nlenbe-nlThe best software for quality and risk management.

Lessons from the financial sector for your organisation

‘Compliance management’ is a concept that has long ceased to be important only in the financial sector. Every sector faces tightened laws and regulations and has to comply with certain standards. However, other sectors can learn a lot from the financial sector, which is at the forefront of compliance management. By using the ‘Three Lines’ for example, which allows you to mitigate business risks with three lines of defence. In this article, you will read more about this model and how to shape your compliance policy using a concrete roadmap.

What does compliance management actually mean?

If you look up ‘compliance’, the meaning is ‘docility’ and ‘compliant’. Compliance management is therefore about complying with internal and external laws and regulations within an organisation. But being compliant is about more than following laws and regulations. It is about saying what you do as an organisation and doing what you say. After all, you do not want to be compliant just because you might get audited, right? If all goes well, as an organisation you want to act socially and do what is right. You want to have integrity and be trustworthy.

You can choose to employ a compliance manager. In some companies, this is necessary and they have a whole team of compliance officers. They are responsible for protecting reputation and integrity. In smaller organisations, a compliance manager is not always specifically hired but is a task of the legal department, among others. Either way, this is a topic that affects the entire organisation and one that everyone should be working on – from the management to the interns and from the facilities staff to the HR department.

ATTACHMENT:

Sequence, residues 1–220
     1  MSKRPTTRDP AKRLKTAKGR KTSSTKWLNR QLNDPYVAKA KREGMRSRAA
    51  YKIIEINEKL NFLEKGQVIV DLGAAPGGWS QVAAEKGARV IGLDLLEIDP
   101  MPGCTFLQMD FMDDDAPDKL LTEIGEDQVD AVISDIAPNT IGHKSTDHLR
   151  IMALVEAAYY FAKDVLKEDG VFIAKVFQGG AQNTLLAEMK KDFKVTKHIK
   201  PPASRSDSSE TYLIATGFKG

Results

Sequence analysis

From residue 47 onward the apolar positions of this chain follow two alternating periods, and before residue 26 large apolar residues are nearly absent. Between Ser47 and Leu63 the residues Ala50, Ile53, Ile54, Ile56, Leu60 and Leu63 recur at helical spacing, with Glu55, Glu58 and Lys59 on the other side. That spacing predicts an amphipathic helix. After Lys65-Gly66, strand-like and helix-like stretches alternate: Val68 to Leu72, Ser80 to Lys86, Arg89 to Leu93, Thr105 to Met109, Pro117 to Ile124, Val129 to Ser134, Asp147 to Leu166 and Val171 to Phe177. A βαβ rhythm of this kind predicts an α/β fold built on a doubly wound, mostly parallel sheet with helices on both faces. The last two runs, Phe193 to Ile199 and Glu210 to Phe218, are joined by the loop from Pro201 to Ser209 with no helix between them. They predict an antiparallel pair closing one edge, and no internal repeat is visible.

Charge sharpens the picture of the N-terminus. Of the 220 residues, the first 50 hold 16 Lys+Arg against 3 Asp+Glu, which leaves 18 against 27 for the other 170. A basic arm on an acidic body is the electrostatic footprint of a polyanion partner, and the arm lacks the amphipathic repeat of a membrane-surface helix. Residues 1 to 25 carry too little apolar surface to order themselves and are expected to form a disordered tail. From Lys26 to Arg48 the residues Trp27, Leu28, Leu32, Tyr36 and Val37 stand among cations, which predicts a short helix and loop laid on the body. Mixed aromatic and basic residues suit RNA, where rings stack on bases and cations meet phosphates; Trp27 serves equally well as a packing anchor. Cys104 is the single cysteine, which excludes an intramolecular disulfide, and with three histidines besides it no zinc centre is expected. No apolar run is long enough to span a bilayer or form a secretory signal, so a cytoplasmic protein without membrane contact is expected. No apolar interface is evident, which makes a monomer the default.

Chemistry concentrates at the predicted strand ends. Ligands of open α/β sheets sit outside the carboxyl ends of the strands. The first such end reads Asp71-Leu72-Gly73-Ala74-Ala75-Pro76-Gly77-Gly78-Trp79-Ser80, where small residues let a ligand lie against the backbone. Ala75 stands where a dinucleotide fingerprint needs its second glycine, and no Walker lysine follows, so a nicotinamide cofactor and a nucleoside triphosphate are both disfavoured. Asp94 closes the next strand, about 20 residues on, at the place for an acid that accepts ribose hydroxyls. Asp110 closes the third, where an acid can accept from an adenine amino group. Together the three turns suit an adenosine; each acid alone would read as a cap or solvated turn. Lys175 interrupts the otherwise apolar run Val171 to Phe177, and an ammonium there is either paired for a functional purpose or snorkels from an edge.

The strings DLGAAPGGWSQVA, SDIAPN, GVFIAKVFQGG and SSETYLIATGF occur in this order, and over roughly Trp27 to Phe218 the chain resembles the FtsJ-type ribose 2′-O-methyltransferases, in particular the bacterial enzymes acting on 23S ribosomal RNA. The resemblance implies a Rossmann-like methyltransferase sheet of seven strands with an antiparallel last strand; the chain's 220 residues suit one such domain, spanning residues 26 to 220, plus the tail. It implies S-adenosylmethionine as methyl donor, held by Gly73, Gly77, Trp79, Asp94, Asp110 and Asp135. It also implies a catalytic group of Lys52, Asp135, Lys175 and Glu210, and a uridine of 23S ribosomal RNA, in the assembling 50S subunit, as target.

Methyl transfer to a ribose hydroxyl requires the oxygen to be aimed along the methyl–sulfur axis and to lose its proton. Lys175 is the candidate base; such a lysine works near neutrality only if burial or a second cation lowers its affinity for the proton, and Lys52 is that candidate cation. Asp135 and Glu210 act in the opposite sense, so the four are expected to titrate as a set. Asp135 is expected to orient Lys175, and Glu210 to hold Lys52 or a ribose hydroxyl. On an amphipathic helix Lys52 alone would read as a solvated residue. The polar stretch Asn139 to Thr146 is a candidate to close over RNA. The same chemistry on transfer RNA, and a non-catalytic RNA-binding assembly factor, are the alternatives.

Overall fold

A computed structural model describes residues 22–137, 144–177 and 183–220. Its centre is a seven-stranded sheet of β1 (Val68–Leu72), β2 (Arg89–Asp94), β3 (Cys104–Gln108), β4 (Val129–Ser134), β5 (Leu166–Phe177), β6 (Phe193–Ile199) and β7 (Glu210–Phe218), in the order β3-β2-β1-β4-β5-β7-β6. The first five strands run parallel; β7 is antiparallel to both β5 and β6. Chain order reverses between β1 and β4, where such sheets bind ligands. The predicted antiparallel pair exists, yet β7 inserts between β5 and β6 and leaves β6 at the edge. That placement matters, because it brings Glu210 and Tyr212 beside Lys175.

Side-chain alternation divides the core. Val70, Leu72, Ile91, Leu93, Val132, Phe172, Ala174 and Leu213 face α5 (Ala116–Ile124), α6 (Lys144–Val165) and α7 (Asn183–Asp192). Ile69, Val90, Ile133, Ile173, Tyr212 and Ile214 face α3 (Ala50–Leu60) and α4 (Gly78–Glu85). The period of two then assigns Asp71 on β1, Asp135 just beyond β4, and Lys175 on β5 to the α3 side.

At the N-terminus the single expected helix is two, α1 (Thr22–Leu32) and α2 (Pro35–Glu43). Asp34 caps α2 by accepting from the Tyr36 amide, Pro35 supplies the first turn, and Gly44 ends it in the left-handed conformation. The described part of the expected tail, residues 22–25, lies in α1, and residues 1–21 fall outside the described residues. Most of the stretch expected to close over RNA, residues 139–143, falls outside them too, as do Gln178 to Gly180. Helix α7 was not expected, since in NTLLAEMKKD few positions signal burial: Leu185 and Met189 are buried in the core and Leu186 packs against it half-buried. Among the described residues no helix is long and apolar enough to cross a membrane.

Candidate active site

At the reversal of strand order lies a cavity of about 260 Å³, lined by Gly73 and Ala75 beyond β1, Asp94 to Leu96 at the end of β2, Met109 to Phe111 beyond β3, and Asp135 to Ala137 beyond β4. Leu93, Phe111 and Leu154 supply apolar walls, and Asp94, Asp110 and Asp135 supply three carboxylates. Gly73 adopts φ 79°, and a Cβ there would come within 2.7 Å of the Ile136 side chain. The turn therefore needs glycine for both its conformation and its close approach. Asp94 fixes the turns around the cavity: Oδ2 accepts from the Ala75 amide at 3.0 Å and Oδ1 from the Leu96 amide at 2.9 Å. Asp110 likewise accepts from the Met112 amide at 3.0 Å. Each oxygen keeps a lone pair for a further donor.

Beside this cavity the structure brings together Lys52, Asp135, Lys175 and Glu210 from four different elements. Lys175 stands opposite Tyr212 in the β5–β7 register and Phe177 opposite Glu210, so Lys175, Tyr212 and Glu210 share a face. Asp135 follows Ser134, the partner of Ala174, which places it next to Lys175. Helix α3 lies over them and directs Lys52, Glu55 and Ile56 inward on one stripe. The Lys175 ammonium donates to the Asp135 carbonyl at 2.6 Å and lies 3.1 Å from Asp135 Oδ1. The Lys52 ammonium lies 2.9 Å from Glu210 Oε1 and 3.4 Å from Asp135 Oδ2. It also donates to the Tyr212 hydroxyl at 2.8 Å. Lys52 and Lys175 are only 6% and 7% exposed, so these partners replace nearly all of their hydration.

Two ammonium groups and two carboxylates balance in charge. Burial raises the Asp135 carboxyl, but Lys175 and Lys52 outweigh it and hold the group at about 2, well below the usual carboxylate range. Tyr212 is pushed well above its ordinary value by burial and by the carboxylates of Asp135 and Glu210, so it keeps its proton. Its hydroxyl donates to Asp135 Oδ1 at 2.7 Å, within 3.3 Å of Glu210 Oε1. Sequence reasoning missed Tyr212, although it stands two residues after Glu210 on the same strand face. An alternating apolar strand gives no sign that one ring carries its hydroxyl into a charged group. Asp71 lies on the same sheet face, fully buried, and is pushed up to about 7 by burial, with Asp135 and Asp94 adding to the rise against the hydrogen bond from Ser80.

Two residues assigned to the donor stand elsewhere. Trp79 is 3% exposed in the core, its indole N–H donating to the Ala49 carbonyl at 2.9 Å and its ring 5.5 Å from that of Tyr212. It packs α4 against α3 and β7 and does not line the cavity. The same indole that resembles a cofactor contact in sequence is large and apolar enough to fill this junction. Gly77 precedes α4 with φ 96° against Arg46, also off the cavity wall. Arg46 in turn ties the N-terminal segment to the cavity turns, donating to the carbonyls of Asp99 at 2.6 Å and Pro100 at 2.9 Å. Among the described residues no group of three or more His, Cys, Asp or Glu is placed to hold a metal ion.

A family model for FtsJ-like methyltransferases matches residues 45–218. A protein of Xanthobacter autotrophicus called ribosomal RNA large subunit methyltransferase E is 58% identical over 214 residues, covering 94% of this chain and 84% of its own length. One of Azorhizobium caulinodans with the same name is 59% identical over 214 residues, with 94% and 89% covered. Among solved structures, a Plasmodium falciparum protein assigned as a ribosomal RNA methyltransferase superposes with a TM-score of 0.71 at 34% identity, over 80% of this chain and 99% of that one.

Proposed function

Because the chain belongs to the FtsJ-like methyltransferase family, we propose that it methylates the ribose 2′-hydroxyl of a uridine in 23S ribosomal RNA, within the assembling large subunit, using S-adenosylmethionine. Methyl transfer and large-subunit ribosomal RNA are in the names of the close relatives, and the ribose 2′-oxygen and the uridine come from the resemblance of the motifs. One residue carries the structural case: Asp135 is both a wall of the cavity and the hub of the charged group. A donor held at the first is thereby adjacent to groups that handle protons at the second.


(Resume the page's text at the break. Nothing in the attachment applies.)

Zes stappen compliance management - Zenya

The history of compliance management

No, we are not going to give you a history lesson! What is interesting is to understand where compliance management comes from, because the emphasis that is placed on it is really something from recent years. In September 2008, the biggest financial crisis in post-war history broke out. Because America had issued too eager and excessive credit, the entire banking sector became infected. Big banks no longer trusted each other – creating distrust in the financial sector all over the world. Politicians as well as aggrieved organisations and individuals demanded change.

That change came. As a result, the financial sector faced tighter regulations and stricter, new laws. The sector took the opportunity to specialise in compliance laws and regulations. Other sectors have learnt from this and have started to get serious about compliance management themselves. Whether they are hospitals, government agencies or large corporate organisations – all require the people working there to adhere to certain codes of conduct and laws.

Being compliant thanks to roles and responsibilities

Having no other choice, the practices around compliance management of the financial sector became a good example for other sectors and organisations. Often, the framework they have is based on the Three Lines Model. This model assumes three lines of defence to mitigate business risks. The business is the first line, followed by systems that support the risk management process. The third line provides additional tools for control thanks to internal audits.

This method enables organisations to manage key risks The Three Lines Model also known as the three ‘lines of defence’:

  • The first line constitutes the business. The people in this first line are responsible for the choices and goals the organisation undertakes and the risks the organisation is willing to take. Often, organisations struggle with how to minimise and maximise the precious time of this first line. At Infoland, we believe in involving everyone in the organisation in risk management and doing it together.
  • The second line is often tasked with developing systems for proper process around risk management and control. Often, people in this line fill risk functions such as legal, finance, compliance, internal control, safety and quality.
  • The third line is ‘Internal Audit’. This is the final piece of the Three Lines Model and provides guidance on control and direction. The third line has to check whether the first and second lines work well together and make an objective judgement on this. Is there room for improvement? Then the third line suggests it.

The above model offers many advantages. You get a better understanding of risks and solutions, an organisation-wide view of risks, a structural approach from different angles, as well as independent control of risk management processes thanks to third-line audits.

Laws and standards to be compliant